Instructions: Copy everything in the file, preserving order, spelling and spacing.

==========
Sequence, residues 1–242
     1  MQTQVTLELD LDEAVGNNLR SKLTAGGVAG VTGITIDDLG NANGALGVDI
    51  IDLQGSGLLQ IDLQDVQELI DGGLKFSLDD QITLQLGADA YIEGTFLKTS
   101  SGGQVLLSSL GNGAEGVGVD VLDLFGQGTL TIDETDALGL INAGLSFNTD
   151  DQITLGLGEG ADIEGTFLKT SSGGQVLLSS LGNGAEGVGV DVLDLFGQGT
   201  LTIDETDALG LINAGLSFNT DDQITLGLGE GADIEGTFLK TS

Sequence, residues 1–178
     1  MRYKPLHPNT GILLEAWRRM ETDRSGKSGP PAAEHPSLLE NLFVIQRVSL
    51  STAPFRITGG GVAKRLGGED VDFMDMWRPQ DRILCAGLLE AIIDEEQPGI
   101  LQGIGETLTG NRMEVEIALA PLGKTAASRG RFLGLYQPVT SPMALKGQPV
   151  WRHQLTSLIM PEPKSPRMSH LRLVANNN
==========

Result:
Sequence, residues 1–242
     1  MQTQVTLELD LDEAVGNNLR SKLTAGGVAG VTGITIDDLG NANGALGVDI
    51  IDLQGSGLLQ IDLQDVQELI DGGLKFSLDD QITLQLGADA YIEGTFLKTS
   101  SGGQVLLSSL GNGAEGVGVD VLDLFGQGTL TIDETDALGL INAGLSFNTD
   151  DQITLGLGEG ADIEGTFLKT SSGGQVLLSS LGNGAEGVGV DVLDLFGQGT
   201  LTIDETDALG LINAGLSFNT DDQITLGLGE GADIEGTFLK TS

Sequence, residues 1–178
     1  MRYKPLHPNT GILLEAWRRM ETDRSGKSGP PAAEHPSLLE NLFVIQRVSL
    51  STAPFRITGG GVAKRLGGED VDFMDMWRPQ DRILCAGLLE AIIDEEQPGI
   101  LQGIGETLTG NRMEVEIALA PLGKTAASRG RFLGLYQPVT SPMALKGQPV
   151  WRHQLTSLIM PEPKSPRMSH LRLVANNN